In the short book In Praise of Wasting Time, Alan Lightman asks us to reflect on how we view and use time. Too often, we rush to fill every spare second, striving to be more productive. Idleness borders on immorality and boredom is something to be feared. And now with smartphones, we’re always reachable and an endless amount of information is just a few swipes away.
While productivity has risen dramatically with this busyness, so has depression and anxiety, even in our children. Drawing from psychological studies and brain scans, Lightman claims our well-being depends on having time to ponder, reflect, and rest, and that losing free time is harmful to creativity and divergent thinking. There have been many articles published recently about these problems. Lightman synthesizes them into an easy-to-read format, and shares his personal experiences with technology and time.
To regain our sense of balance, he suggests looking at free time in a positive way, instead of as time wasted. He also provides ideas for incorporating more breaks into daily life. Some are not practical for most of us because they require changes in workplaces and schools (hopefully bosses, teachers, and administrators are among the readers); others can easily be incorporated into our days, such as purposefully spending a chunk of time technology free.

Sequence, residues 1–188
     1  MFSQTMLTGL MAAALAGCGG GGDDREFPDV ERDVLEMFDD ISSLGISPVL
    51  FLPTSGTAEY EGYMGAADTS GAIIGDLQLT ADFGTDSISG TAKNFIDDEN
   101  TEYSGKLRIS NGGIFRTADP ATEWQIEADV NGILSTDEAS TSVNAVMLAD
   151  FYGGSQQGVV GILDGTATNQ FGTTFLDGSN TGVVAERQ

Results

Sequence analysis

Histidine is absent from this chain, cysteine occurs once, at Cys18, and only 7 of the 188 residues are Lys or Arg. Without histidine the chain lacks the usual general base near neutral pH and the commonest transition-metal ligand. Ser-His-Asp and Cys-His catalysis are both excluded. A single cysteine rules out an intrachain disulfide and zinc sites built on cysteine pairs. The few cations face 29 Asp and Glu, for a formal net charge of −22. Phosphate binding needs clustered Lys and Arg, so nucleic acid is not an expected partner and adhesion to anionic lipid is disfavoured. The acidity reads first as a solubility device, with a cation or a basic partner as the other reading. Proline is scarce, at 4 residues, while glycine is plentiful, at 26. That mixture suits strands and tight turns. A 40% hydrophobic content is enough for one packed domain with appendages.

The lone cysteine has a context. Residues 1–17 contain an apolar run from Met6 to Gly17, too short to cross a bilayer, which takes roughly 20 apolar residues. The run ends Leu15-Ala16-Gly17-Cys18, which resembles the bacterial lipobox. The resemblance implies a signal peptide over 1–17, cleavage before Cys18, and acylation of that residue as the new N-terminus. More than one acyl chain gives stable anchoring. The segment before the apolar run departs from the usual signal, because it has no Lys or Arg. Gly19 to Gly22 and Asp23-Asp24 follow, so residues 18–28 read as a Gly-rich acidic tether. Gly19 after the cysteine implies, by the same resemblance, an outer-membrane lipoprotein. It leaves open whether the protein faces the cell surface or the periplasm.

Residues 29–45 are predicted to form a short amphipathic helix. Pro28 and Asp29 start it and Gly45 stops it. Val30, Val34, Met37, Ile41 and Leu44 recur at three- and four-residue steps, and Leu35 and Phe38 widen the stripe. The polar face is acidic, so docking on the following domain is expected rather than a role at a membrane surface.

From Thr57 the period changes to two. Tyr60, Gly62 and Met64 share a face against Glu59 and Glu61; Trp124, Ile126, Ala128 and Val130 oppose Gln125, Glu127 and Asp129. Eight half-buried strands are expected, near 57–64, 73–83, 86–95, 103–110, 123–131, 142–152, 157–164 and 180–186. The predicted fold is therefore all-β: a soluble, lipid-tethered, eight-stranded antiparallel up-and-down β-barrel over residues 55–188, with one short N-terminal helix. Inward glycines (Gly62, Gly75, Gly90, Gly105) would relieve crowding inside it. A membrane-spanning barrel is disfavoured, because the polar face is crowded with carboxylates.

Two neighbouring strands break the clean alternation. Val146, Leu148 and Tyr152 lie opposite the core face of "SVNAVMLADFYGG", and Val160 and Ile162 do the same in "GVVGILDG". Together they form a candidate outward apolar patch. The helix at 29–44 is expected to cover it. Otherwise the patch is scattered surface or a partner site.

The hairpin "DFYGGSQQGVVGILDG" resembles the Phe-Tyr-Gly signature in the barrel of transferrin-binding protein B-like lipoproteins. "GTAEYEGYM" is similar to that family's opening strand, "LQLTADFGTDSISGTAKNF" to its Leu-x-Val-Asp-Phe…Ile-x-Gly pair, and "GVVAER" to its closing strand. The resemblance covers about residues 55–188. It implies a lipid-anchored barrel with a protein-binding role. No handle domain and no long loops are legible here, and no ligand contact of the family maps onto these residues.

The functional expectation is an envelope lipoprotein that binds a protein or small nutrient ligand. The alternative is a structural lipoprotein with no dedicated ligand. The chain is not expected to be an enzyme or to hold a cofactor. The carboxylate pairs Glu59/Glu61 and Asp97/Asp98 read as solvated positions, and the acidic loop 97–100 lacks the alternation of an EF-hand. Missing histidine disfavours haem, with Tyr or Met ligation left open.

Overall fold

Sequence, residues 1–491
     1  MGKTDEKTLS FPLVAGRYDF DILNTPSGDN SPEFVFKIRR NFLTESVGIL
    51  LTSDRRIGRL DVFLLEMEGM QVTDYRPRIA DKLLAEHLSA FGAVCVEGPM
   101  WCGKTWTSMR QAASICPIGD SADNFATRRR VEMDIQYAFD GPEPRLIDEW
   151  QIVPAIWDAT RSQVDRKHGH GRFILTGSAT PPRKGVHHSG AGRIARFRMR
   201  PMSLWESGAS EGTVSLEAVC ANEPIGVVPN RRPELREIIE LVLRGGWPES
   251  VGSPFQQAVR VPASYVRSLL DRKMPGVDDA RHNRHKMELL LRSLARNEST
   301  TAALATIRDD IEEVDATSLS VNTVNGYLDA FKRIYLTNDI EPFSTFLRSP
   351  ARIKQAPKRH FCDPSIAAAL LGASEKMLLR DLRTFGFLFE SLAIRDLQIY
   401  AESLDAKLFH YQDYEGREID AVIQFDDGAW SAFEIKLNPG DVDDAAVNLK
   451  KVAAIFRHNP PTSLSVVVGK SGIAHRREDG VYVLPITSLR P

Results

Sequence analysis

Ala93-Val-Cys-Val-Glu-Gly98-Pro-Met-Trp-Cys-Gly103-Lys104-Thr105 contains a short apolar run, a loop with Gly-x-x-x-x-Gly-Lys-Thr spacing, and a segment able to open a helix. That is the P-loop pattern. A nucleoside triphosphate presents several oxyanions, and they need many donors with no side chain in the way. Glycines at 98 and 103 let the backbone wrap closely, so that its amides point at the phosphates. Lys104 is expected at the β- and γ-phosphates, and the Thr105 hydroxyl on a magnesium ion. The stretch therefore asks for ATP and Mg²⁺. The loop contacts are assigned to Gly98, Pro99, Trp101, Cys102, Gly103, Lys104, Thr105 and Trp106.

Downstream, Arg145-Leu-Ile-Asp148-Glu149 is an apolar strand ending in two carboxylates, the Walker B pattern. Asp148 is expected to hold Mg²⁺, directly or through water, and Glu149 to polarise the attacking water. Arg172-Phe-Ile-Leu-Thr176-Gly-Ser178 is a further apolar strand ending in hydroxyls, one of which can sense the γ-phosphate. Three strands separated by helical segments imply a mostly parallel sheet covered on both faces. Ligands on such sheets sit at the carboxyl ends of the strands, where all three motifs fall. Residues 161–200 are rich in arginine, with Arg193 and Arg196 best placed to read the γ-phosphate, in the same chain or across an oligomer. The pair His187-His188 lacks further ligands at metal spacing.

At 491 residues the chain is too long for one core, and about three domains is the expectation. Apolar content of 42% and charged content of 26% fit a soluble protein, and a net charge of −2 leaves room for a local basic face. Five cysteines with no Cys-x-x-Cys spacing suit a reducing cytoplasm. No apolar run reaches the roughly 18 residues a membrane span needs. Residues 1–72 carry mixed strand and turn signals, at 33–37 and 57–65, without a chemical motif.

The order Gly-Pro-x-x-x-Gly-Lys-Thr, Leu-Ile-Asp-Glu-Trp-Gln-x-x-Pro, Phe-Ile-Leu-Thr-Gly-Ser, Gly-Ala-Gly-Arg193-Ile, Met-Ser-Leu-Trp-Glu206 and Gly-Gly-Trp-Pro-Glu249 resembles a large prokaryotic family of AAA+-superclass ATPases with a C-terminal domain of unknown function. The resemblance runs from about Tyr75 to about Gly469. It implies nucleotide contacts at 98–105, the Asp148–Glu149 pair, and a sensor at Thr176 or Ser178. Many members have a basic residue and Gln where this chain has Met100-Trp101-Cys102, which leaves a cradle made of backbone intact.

His points have stuck with me. While in line at the post office this morning, I almost checked my email. Then I decided to take a moment to reflect on my day. A waste of time? Lightman would say not. And the only email I missed was a promotion from Shutterfly.
In Praise of Wasting Time will be published on May 15. I recommend it for those who need a reminder to slow down and daydream once in awhile. The book developed from a TED Talk and is published by TED Books. I love that the most popular speakers are given another platform to expand upon their ideas. A benefit of books is that notes on the sources are included. There have been a few times that a speaker mentions a study or book that I’d like to check out, but it’s difficult to catch names and titles during a speech. And all TED Books are short enough to be read in a day. Just be sure to take Lightman’s advice and set aside time to reflect on what you learn.
Thank you to NetGalley and TED Books for the opportunity to review In Praise of Wasting Time.